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The NEURAPRO Biomarker Analysis: Long-Chain Omega-3 Fatty Acids Improve 6-Month and 12-Month Outcomes in Youth at Ultra-High Risk for Psychosis

32 Pages Posted: 28 May 2019

See all articles by G. Paul Amminger

G. Paul Amminger

University of Melbourne - Orygen, The National Centre of Excellence in Youth Mental Health

Barnaby Nelson

University of Melbourne - Orygen, The National Centre of Excellence in Youth Mental Health

Connie Markulev

University of Melbourne - Orygen, The National Centre of Excellence in Youth Mental Health

Hok Pan Yuen

University of Melbourne - Orygen, The National Centre of Excellence in Youth Mental Health

Miriam R. Schäfer

University of Melbourne - Orygen, The National Centre of Excellence in Youth Mental Health

Maximus Berger

University of Melbourne - Orygen, The National Centre of Excellence in Youth Mental Health

Nilufar Mossaheb

Medical University of Vienna

Monika Schlögelhofer

Medical University of Vienna

Stephan Smesny

Friedrich-Schiller-Universität Jena - University Hospital Jena

Ian B. Hickie

The University of Sydney

Gregor E. Berger

Child and Adolescent Psychiatric Service of the Canton of Zurich

Eric Y H Chen

The University of Hong Kong - Department of Psychiatry

Lieuwe de Haan

University of Amsterdam

Dorien H. Nieman

University of Amsterdam

Merete Nordentoft

University of Copenhagen - Department of Clinical Medicine

Anita Riecher-Rössler

University of Basel - Department of Psychiatry; University Psychiatric Clinics Basel

Swapna Verma

Institute of Mental Health

Andrew Thompson

University of Melbourne - Orygen, The National Centre of Excellence in Youth Mental Health

Alison Ruth Yung

University of Melbourne - Orygen, The National Centre of Excellence in Youth Mental Health

Patrick D. McGorry

Orygen Youth Health

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Abstract

Background: NEURAPRO was a multicenter, double-blind, randomised, placebo-controlled trial RCT of long-chain omega-3 polyunsaturated fatty acids (n-3 PUFA) ('fish oil') therapy provided for 6 months in individuals at ultra-high risk (UHR) for psychotic disorders, followed by an additional 6-month follow-up period. The study was conducted in 10 specialized early psychosis treatment services in Australia, Asia, and Europe, in 304 participants who received either n-3 PUFA together with cognitive behavioral case management (CBCM) or placebo with CBCM. In the intention to treat analysis, NEURAPRO failed to replicate findings of a previous single-center study. Although the RCT design is placed at the top of the evidence hierarchy, this methodology has limitations in fish oil RCTs, since the test agent is not only present in the intervention group but n-3 PUFA are present in the diet and in the body tissue of all participants, potentially influencing outcomes.

Methods: We conducted a biomarker analysis in NEURAPRO participants to determine if n-3 PUFA (eicosapentaenoic acid, EPA; docosahexaenoic acid, DHA; n-3 index; EPA+DHA) levels measured in erythrocyte membranes at baseline and at month 6 (end-of supplementation) predicted clinical outcomes 6 and 12 months after study entry in the participants irrespective of their original treatment group allocation in the trial.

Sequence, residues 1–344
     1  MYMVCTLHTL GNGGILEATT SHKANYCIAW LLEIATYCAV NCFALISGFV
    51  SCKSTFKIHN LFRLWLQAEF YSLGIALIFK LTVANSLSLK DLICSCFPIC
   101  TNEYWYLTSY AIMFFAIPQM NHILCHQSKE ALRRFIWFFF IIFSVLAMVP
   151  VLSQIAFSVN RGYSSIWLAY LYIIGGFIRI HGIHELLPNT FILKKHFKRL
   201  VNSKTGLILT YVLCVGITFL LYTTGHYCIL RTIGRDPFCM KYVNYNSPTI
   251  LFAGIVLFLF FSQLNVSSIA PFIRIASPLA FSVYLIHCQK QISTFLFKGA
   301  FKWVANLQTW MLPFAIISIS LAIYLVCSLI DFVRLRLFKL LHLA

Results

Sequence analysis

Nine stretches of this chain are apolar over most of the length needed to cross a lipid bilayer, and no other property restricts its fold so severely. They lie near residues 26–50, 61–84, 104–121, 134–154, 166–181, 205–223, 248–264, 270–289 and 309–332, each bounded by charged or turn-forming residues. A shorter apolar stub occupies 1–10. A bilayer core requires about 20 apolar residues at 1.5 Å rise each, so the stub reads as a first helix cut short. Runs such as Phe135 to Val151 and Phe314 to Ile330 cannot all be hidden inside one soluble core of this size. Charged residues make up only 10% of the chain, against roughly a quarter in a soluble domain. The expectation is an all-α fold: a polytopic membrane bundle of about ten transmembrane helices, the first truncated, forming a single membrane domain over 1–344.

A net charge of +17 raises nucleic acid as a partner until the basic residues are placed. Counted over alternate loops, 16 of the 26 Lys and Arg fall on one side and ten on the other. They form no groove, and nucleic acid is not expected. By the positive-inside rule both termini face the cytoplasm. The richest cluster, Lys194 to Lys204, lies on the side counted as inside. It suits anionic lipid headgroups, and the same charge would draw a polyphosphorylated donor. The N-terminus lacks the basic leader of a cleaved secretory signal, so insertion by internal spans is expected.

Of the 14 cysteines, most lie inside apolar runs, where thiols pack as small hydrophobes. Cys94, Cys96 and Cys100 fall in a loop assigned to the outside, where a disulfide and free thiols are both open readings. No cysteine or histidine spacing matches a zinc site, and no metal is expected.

Findings: Of the 304 participants, 285 (94%) had biomarker data at baseline and 218 (72%) participants had biomarker data at baseline and a subsequent time point (209 at month 6; 9 at transition to psychosis). Increases of the n-3 index, EPA and DHA consistently predicted less severe psychopathology and better functioning at both follow-up time points. Higher baseline levels and increases of the n-3 index also predicted overall clinical improvement at month 6 (n-3 index baseline: adjusted odds ratio (95%CI)=1.79 (1.30-2.48); n-3 PUFA increase: adjusted odds ratio (95%CI)=1.43 (1.16-1.76) and at month 12 (n-3 index baseline: adjusted odds ratio (95%CI)=2.60 (1.71-3.97); n-3 PUFA increase: adjusted odds ratio (95%CI)=1.36 (1.06-1.74). The transition to psychosis rate was lower than expected in this study (5.0% at month 6; 10.1% at month 12). No association was observed between n-3 PUFA measures and transition to psychosis.

Interpretation: These data suggest that n-3 PUFA can exert protective and therapeutic effects in UHR individuals. This finding may have implications for early intervention and clinical treatment guidelines since n-3 PUFA supplementation can easily and safely be used in a wide variety of settings, from primary care to specialist services.

Trial Registration: The trial was registered at the Australia and New Zealand Clinical Trials Registry (ID 12608000475347).

Funding Statement: This work was supported by grant 07TGF-1102 from the Stanley Medical Research Institute, grant 566529 from the NHMRC Australia Program (Drs McGorry, Hickie, and Yung, and Amminger), and a grant from the Colonial Foundation. Drs Amminger and Yung were supported by NHMRC Senior Research Fellowships 1080963 and 566593, respectively; and Dr Nelson was supported by NHMRC Career Development Fellowship 1027532. Dr McGorry was supported by Senior Principal Research Fellowship 1060996 from the National Health and Medical Research Council of Australia (NHMRC).